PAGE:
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December 13, 2015

A commercial Quantum Computer




Introduction:

A quick look at commercial quantum computers. These computers have human like intelligence, and are a totally different ball game from the Bill Gates type of computer.

Currently manufactured by a Canadian startup named D-Wave but others will follow soon.

D-Wave's quantum computer can hold in its "digital mind", possibilities that exceed the number of particles in the whole observable universe!

So if you gave such a computer a chess situation, or any real world issue, it would be able to ponder a number of relevant possibilities that exceeds the total number of particles in the whole observable universe!

Applications would be traffic control, air traffic control, weather predictions....political strategy...business strategy. War strategy. Very long list.

D-Wave's current machine can ponder 21000 possibilities simultaneously.

That's 2 multiplied by itself 1000 times. Larger than the number of particles in the observable universe.



© D-Wave Systems:

Jun 22, 2015

D-Wave Systems Breaks the 1000 Qubit Quantum Computing Barrier

New Milestone Will Enable System to Address Larger and More Complex Problems

Palo Alto, CA - June 22, 2015 - D-Wave Systems Inc., the world's first quantum computing company, today announced that it has broken the 1000 qubit barrier, developing a processor about double the size of D-Wave’s previous generation and far exceeding the number of qubits ever developed by D-Wave or any other quantum effort.

At 1000 qubits, the new processor considers 21000 possibilities simultaneously, a search space which dwarfs the 2512 possibilities available to the 512-qubit D-Wave Two.

In fact, the new search space contains far more possibilities than there are ‪particles in the observable universe.

Formidable power expanding very rapidly....the quantum computer reduces your Bill Gates type of computer to the status of a bullock cart, in certain applications.

Let us take a quick look at what makes a Quantum Computer tick. As explained by the founder of D-Wave.




Highlights:

1. Everytime you add these Qubits, you double the number of .....so the way I think this is, the shadows of these parallel worlds, overlap with ours, and if we are smart enough, we can dive into these parallel worlds, grab their resources and pull them back into ours.


So what is he talking about, when he talks of parallel worlds?

He is referring to the MWI, or the many worlds interpretation of Quantum Physics:

Many-worlds interpretation of Quantum Physics:

This interpretation implies that all possible alternate histories and futures [of anything] are real, each representing an actual "world" (or "universe").

The hypothesis states there is a very large—perhaps infinite number of universes, and everything that could possibly have happened in our past, but did not, has occurred in the past of some other universe or universes.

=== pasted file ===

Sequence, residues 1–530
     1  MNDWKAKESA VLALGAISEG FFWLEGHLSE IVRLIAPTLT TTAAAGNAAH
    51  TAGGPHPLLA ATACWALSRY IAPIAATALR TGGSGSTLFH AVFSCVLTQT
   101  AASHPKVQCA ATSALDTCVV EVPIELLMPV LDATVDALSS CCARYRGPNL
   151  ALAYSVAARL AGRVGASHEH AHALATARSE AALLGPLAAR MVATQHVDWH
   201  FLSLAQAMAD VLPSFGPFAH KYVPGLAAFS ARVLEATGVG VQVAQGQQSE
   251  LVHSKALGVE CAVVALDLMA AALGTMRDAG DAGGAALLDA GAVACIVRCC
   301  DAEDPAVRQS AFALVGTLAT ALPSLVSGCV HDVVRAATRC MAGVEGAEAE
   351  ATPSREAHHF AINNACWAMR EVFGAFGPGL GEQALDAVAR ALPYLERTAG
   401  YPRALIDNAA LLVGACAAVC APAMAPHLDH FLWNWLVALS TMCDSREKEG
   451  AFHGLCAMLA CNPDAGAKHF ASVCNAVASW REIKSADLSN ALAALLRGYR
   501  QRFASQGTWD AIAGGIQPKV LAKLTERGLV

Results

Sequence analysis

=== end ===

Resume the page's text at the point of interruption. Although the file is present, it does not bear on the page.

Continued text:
MWI is one of many multiverse hypotheses in physics and philosophy. It is currently considered a mainstream interpretation along with others.

Before many-worlds, reality had always been viewed as a single unfolding history. Many-worlds, however, views reality as a many-branched tree, wherein every possible quantum outcome is realised. Many-worlds reconciles the observation of non-deterministic events, such as random radioactive decay, with the fully deterministic equations of quantum physics.

THE BASICS OF QUANTUM COMPUTING:

Bloch Sphere representation of a QubitThe basic digit of a quantum computer is a QUBIT. It is a VECTOR, while the basic digit used in a conventional Bill Gates type of computer is a SCALAR.

Via Wikipedia:

Consider first a classical computer that operates on a three-bit register. The state of the computer at any time is a probability distribution over the 23=8 different three-bit strings 000, 001, 010, 011, 100, 101, 110, 111. If it is a deterministic computer, then it is in exactly one of these states with probability 1.

However, if it is a probabilistic computer, then there is a possibility of it being in any one of a number of different states. We can describe this probabilistic state by eight non-negative numbers A,B,C,D,E,F,G,H (where A = is the probability that the computer is in state 000, B = is the probability that the computer is in state 001, etc.). There is a restriction that these probabilities sum to 1.

The state of a three-qubit quantum computer is similarly described by an eight-dimensional vector (a,b,c,d,e,f,g,h), called a ket. Here, however, the coefficients can have complex values, and it is the sum of the squares of the coefficients' magnitudes, |a|2+|b|2+....+|h|2, that must equal 1. These squared magnitudes represent the probability of each of the given states. However, because a complex number encodes not just a magnitude but also a direction in the complex plane, the phase difference between any two coefficients (states) represents a meaningful parameter. This is a fundamental difference between quantum computing and probabilistic classical computing.

D-Wave has a 1000 qubit commercially successful quantum computer.

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